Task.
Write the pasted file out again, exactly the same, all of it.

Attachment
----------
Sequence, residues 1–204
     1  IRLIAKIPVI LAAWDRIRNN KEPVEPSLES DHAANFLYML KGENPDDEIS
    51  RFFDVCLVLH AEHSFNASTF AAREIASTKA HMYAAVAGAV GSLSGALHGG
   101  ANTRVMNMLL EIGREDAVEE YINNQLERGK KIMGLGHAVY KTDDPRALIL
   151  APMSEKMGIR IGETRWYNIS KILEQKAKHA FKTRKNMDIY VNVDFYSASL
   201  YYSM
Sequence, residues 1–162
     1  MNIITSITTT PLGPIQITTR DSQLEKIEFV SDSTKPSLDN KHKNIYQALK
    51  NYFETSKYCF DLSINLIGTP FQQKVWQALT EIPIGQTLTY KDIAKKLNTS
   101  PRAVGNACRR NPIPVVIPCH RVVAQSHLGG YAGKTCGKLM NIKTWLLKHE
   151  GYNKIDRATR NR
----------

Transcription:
Sequence, residues 1–204
     1  IRLIAKIPVI LAAWDRIRNN KEPVEPSLES DHAANFLYML KGENPDDEIS
    51  RFFDVCLVLH AEHSFNASTF AAREIASTKA HMYAAVAGAV GSLSGALHGG
   101  ANTRVMNMLL EIGREDAVEE YINNQLERGK KIMGLGHAVY KTDDPRALIL
   151  APMSEKMGIR IGETRWYNIS KILEQKAKHA FKTRKNMDIY VNVDFYSASL
   201  YYSM
Sequence, residues 1–162
     1  MNIITSITTT PLGPIQITTR DSQLEKIEFV SDSTKPSLDN KHKNIYQALK
    51  NYFETSKYCF DLSINLIGTP FQQKVWQALT EIPIGQTLTY KDIAKKLNTS
   101  PRAVGNACRR NPIPVVIPCH RVVAQSHLGG YAGKTCGKLM NIKTWLLKHE
   151  GYNKIDRATR NR